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Despite being a geographically small nation, the Philippines has proven itself time and again that it’s not afraid to square off against bigger and more powerful countries.
In a proverbial David versus Goliath battle, the nation found itself at the forefront of a verbal battle against the communist superpower during the 15th Session of the United Nations (UN) General Assembly held at UN headquarters in 1960.
Taking up the cudgels for the Philippine side was the late Senator and nationalist Lorenzo Sumulong—son of the revolutionary Juan Sumulong—who was then head of the Filipino UN contingent. Meanwhile, his opponent on the other side of the ring was no other than Nikita Krushchev, the Premier of the Union of Soviet Socialist Republics (USSR).
Krushchev—although not a homicidal maniac compared to his predecessor Josef Stalin—was openly bombastic and boorish, having publicly dressed down US President John F. Kennedy and then-Vice President Richard Nixon on several occasions during his time as USSR chief. In promoting communism, Krushchev hated capitalism with a passion and often described it as an ideological disease that would lead to the downfall to communism.
Interestingly enough, Sumulong and Krushchev initially found themselves on the same side of the fence following the latter’s call at the UN Assembly for the Western powers to grant their colonies independence.
Noticing the irony of Krushchev’s statement since several Eastern European states were also practically under the control of the Soviet Union, Sumulong took to the podium and said while he was all for de-colonization, the Soviet leader should also back up his words by setting the Soviet satellite states free.
Hearing Sumulong’s statement, an angry Krushchev demanded his turn at the podium. Meeting his Filipino opponent face-to-face, the Soviet leader wildly gesticulated for him to step aside before beginning a long rant which consisted of calling Sumulong a stooge and a lackey of the imperialists.
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When Assembly President Frederick Boland allowed Sumulong to come up to the podium to speak again on his case, Krushchev became even more irate and gestured for Boland to recognize him on a point of order. Due to the Filipino’s earlier remarks and Boland’s failure to acknowledge him, Krushchev was said to have taken out his shoe in anger and banged it on his desk—an event that would be known as the infamous “Shoe-banging Incident.”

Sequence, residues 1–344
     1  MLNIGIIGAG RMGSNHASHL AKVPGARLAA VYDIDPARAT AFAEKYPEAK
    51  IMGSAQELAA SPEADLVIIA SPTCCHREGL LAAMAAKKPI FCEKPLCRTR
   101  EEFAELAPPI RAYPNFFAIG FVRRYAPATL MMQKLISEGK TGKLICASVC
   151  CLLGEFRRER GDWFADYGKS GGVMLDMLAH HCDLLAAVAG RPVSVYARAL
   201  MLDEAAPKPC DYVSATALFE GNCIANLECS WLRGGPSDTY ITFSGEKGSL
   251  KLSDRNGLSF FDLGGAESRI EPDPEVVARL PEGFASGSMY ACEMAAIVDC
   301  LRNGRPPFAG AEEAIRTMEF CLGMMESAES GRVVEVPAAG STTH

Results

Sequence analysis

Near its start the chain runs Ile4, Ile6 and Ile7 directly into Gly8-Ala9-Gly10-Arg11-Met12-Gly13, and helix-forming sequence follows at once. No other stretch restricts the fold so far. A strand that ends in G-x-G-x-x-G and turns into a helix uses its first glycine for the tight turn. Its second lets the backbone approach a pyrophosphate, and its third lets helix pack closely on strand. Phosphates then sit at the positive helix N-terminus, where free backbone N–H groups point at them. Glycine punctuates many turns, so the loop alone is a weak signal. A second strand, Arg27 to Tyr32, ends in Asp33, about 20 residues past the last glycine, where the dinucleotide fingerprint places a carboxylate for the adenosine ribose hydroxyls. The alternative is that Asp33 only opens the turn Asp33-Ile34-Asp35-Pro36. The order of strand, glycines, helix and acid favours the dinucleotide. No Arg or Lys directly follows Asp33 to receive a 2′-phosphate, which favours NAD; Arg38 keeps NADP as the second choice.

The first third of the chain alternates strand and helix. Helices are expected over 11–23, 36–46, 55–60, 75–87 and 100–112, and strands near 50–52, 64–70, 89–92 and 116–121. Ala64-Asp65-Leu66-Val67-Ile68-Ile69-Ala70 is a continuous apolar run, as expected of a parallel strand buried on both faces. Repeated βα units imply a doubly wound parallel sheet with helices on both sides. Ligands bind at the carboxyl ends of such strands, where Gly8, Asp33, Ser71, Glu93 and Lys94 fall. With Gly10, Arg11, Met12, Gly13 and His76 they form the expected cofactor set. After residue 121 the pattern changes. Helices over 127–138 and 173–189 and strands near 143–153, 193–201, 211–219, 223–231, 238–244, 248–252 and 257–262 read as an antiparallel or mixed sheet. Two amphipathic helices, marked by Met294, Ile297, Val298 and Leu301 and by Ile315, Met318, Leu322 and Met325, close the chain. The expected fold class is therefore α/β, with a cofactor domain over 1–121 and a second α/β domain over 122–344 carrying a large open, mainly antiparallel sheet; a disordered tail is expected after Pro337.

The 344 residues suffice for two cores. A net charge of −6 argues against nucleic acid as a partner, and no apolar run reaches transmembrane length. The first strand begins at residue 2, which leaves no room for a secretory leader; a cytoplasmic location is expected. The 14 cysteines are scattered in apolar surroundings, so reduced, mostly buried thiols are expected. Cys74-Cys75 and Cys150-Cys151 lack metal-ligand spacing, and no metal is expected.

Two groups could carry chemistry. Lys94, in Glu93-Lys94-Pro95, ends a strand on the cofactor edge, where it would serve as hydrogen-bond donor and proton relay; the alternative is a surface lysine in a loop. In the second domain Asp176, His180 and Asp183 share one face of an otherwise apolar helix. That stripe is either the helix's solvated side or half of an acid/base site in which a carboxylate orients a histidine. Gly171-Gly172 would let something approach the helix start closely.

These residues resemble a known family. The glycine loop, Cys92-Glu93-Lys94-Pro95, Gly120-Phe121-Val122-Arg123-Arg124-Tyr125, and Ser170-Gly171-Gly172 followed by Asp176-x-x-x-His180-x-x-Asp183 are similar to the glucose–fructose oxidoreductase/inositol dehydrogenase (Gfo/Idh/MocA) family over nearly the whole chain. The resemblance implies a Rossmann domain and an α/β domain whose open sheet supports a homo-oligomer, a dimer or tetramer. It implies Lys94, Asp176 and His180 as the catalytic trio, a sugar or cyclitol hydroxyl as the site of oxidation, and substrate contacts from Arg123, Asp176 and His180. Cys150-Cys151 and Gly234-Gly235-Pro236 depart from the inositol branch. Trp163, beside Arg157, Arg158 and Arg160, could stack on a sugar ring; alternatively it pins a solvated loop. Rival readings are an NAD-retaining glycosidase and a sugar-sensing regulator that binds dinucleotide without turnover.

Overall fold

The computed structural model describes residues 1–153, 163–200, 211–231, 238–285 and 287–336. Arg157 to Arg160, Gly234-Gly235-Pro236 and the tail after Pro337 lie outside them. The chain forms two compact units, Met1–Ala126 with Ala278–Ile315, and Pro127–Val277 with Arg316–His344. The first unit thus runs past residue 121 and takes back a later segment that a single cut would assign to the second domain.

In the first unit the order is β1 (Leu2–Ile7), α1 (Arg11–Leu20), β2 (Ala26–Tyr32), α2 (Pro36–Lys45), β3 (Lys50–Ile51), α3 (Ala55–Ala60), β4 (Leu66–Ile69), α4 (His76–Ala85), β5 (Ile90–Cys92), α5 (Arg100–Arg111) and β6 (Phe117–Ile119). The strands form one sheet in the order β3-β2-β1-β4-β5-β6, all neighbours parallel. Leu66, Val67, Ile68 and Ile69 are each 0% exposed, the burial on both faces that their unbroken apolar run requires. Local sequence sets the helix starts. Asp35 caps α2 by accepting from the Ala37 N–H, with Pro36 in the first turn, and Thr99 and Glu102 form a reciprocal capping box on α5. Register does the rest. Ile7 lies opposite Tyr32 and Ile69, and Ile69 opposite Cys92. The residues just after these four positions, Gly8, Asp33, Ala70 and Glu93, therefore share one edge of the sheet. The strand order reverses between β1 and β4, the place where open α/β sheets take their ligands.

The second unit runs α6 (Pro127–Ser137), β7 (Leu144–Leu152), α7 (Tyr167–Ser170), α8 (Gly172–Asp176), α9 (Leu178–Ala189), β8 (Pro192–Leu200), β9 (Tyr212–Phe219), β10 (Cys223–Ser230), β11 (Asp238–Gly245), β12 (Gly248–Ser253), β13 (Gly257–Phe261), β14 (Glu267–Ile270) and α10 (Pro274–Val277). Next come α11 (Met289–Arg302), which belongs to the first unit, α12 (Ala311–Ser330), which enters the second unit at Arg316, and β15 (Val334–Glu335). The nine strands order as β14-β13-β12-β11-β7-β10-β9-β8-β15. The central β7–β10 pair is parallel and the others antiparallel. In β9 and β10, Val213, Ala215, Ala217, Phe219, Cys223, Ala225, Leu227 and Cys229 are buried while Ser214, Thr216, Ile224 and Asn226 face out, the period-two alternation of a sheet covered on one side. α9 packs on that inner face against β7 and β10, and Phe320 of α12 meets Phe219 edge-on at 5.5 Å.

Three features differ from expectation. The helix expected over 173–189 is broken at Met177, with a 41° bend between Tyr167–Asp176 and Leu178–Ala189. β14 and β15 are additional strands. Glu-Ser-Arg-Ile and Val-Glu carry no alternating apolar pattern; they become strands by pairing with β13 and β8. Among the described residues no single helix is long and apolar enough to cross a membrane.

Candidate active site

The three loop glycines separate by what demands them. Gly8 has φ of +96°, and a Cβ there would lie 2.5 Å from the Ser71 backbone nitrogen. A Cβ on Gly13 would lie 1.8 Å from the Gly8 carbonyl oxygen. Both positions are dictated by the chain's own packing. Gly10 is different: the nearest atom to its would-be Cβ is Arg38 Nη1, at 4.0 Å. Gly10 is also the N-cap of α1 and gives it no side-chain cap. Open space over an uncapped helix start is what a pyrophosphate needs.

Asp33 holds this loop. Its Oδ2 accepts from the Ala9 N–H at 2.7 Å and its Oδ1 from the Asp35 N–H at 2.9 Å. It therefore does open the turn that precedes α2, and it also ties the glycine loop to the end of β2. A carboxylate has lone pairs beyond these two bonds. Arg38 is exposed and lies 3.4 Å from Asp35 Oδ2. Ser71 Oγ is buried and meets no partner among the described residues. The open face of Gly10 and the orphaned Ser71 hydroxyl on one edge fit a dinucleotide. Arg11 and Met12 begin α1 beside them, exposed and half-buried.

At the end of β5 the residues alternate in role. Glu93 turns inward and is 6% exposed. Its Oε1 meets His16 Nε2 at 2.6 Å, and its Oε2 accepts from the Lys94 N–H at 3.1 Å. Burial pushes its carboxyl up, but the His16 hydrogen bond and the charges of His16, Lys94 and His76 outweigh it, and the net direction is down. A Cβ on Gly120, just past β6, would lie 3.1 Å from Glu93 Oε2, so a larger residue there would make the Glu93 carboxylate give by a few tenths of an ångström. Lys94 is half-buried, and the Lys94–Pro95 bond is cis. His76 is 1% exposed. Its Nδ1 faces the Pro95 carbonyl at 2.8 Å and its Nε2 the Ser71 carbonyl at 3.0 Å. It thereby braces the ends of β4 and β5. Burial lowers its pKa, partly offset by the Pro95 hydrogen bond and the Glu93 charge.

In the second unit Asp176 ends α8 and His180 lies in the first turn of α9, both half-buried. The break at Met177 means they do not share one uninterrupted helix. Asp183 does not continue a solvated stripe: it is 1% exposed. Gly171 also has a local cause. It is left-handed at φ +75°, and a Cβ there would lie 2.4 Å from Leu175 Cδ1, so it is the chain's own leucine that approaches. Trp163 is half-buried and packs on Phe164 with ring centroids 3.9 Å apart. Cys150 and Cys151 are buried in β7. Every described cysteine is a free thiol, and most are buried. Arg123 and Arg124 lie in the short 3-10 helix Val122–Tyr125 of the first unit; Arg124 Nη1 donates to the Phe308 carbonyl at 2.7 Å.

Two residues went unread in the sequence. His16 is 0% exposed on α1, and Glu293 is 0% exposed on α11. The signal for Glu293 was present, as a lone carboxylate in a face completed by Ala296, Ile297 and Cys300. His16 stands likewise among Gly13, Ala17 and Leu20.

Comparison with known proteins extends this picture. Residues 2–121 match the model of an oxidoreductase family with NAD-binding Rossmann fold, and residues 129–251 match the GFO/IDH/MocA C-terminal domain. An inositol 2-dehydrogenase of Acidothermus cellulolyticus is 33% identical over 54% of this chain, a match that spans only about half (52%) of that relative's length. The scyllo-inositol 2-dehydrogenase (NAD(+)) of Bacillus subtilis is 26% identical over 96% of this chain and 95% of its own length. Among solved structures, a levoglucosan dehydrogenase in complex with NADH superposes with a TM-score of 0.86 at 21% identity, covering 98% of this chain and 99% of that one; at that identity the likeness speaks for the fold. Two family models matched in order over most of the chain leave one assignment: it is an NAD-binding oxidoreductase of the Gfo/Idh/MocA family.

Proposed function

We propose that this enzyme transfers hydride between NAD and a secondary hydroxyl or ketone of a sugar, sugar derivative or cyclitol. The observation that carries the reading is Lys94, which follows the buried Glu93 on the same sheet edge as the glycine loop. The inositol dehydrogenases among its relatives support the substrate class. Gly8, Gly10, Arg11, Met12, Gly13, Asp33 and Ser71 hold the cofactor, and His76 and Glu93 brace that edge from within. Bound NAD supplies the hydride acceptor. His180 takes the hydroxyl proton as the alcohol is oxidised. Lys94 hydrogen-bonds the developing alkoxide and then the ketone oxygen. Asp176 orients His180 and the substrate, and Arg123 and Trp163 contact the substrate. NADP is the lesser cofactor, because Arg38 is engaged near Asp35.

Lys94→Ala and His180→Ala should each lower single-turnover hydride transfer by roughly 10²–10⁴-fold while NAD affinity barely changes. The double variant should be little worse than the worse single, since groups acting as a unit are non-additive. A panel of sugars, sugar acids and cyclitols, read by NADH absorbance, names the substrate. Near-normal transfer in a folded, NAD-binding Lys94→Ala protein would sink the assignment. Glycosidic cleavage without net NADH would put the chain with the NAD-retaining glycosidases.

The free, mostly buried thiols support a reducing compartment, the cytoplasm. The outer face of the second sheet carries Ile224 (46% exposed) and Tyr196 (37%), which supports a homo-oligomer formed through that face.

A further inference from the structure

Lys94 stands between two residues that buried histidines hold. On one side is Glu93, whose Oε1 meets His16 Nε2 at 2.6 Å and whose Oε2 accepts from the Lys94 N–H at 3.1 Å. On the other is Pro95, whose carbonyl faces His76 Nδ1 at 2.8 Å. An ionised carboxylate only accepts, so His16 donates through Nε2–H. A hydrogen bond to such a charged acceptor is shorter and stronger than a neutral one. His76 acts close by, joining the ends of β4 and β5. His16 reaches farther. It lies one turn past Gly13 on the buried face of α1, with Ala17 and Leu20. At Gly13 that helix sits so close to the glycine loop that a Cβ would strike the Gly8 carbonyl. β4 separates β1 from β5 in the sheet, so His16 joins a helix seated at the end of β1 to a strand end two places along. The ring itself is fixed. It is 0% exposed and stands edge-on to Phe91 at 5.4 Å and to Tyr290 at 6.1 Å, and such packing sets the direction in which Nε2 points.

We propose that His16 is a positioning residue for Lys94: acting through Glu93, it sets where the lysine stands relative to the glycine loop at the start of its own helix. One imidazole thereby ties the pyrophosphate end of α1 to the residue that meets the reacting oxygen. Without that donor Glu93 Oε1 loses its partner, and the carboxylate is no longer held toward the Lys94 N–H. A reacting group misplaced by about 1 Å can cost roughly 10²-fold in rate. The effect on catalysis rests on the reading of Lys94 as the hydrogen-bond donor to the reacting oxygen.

Eventually, the forum became chaotic as other members of the Eastern bloc voiced out their disapproval of Sumulong’s statements, prompting a frustrated Boland to cut the meeting short by banging his gavel so hard its head was sent flying.
In the end, no authentic picture of Krushchev’s meltdown was ever taken (although there is a doctored photo of him holding a shoe).
According to his long-time interpreter and granddaughter who confirmed the occurrence though, Krushchev initially took off his shoes before the incident because they were tightly-fitted. In his attempt to catch Boland’s attention later on, Krushchev dropped his watch while angrily banging his desk and found a new weapon while picking it up—his shoe.
The rest as they say, is history.
BBC News,. 1960: Khrushchev anger erupts at UN. Retrieved 16 August 2015, from http://goo.gl/U9Psx2
Khrushchev, N. (2000). The case of Khrushchev’s shoe. New Statesman. Retrieved from http://goo.gl/7NFMip
Khrushchev, N., & Khrushchev, S. (2007). Memoirs of Nikita Khrushchev, Volume 3 (p. 892). Penn State Press.
Cold War Southeast Asia by Malcolm H. Murfett
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